King Rat (gkr) wrote,
King Rat

Eco 200: physicians

(individual) Physicians who have borrowed extensively to finance their medical educations often enter practice with large debts that they must begin repaying.

  1. What differences would you expect to observe in the fees set by three young physicians just setting up practice if one financed his education by borrowing and must now make payments of $9600 per yer for 15 years, another had her entire education paid for by her parents, and the third when all the way through on government-provided scholarships and grants?

    I'd expect no difference at all, all other things being equal. The means of funding the education is a sunk cost by the point in time referred to in the question.

  2. Evaluate the argument, put forward by the business manager of a medical school, that the government could lower our doctor bills by paying for the entire education of physicians, thus making it unnecessary for physicians to recover the costs of their education (plus interest) by raising their fees?

    The argument has some merit, though not for the reason specified. At the point a prospective physician enters medical school, he will be evaluating total future revenue vs. total future cost. At that point the funding of school is not sunk. Tuition free schooling reduces the cost portion. So more physicians will enter the market and prices will eventually drop. However, the argument that they are recovering their fees is specious. At the point a physician sets fees, education is a sunk cost.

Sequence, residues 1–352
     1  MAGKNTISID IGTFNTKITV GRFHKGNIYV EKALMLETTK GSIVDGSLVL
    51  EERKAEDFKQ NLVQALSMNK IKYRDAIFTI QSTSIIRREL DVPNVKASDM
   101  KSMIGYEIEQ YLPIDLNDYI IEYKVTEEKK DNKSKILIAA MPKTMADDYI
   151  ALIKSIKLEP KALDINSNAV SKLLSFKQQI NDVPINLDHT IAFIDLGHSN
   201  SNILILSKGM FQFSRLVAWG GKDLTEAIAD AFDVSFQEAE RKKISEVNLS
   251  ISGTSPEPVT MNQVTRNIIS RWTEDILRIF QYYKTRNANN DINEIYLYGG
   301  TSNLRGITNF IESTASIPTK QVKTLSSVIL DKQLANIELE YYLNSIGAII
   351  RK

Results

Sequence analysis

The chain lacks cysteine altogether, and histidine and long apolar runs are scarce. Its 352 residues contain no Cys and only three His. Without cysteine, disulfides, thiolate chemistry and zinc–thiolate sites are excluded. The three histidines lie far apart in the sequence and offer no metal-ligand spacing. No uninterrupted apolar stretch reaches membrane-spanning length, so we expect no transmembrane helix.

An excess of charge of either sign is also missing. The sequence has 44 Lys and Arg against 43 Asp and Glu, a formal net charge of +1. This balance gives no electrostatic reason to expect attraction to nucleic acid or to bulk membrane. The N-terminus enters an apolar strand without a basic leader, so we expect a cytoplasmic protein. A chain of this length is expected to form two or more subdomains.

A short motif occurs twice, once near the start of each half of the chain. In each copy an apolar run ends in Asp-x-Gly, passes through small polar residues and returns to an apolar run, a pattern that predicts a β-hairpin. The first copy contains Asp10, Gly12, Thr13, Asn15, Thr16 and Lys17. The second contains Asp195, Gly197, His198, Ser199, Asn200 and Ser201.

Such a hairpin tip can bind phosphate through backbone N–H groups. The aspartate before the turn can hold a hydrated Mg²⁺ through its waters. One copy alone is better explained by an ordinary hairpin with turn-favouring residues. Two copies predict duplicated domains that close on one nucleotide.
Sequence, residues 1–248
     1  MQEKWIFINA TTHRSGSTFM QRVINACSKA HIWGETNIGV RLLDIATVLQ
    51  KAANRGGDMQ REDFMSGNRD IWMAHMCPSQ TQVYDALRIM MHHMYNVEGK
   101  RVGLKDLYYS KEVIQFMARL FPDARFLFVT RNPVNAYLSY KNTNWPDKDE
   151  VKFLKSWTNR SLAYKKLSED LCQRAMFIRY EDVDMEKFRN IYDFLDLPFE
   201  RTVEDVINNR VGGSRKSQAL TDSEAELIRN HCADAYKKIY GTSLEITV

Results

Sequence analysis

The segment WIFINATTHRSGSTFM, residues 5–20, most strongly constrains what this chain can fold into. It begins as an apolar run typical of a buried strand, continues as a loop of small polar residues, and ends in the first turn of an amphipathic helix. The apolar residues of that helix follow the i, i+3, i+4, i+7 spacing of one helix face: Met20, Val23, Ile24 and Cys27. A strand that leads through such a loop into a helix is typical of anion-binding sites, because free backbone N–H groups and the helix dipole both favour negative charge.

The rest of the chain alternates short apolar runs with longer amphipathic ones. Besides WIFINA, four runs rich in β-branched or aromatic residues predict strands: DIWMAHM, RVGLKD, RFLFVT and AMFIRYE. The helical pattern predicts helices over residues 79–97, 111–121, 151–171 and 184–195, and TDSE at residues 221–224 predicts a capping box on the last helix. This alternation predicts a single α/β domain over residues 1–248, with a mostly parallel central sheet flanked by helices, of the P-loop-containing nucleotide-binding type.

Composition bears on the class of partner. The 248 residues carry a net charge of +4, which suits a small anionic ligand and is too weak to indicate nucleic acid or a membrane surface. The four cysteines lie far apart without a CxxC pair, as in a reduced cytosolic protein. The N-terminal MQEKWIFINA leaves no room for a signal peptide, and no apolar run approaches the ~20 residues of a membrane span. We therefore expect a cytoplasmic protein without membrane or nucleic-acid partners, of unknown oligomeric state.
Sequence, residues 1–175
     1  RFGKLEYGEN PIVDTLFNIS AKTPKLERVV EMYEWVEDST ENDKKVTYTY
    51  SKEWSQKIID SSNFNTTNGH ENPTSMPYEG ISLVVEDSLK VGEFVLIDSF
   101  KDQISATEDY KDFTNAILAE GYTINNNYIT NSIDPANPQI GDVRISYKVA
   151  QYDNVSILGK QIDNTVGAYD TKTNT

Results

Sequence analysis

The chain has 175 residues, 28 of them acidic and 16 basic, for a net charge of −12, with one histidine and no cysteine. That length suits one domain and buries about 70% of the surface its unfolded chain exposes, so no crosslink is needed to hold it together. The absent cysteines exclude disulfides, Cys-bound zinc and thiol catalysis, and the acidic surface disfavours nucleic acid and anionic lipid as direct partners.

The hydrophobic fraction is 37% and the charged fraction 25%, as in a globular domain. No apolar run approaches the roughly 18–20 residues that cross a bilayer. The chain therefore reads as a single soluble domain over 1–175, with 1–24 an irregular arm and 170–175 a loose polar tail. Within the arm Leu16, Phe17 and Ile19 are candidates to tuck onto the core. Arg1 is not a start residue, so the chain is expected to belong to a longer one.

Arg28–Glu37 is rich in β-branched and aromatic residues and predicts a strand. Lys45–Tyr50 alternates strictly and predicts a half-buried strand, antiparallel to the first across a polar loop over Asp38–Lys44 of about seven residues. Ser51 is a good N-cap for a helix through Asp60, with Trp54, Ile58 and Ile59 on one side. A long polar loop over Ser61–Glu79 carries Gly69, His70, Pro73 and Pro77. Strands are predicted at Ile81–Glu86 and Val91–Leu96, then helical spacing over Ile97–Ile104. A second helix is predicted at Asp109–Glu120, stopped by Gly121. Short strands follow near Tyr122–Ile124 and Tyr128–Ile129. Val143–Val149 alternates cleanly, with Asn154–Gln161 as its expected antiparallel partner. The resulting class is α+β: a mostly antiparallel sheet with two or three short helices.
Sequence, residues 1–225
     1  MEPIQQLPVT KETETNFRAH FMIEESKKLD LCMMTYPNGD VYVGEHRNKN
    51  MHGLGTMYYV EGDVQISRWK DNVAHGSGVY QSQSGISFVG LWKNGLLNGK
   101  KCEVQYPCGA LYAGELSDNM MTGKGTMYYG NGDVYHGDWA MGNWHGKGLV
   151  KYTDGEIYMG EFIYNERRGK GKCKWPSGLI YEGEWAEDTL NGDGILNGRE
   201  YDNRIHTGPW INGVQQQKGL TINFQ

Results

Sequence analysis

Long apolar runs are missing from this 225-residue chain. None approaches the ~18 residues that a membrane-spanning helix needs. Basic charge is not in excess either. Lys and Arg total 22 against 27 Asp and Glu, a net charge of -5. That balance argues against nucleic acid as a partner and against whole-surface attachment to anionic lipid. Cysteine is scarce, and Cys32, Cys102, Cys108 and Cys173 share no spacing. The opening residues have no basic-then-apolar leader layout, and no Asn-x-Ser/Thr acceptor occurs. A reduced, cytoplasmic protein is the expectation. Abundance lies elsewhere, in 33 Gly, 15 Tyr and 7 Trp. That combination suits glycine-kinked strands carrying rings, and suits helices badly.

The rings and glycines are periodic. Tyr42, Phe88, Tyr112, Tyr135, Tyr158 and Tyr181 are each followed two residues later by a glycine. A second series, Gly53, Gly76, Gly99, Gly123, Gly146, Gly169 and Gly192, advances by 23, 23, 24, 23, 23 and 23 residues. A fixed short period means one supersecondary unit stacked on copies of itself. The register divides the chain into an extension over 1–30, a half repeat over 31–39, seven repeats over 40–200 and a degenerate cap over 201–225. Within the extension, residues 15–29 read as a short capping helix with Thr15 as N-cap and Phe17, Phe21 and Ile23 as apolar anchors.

3. The author of the above argument asserted that you and I will have to cover the cost of the doctors' loan repayments in our fees because these payments are a legitimate cost of doing business. Wht difference does it make whether particular payments are or are not a legitimate cost of doing business? Suppose all physicians practicing in an area had to pay $5000 a year to the local crime syndicate as protection money. Would these payments be a legitimate cost of doing business? Would they affect doctor's fees?

    They would affect doctor's fees only in that when costs rise above revenues, the doctor's will find other opportunities (relocation or other occupations). And so the supply of physicians will dwindle and prices will rise. All the costs are legitimate in that respect.

Tags: school

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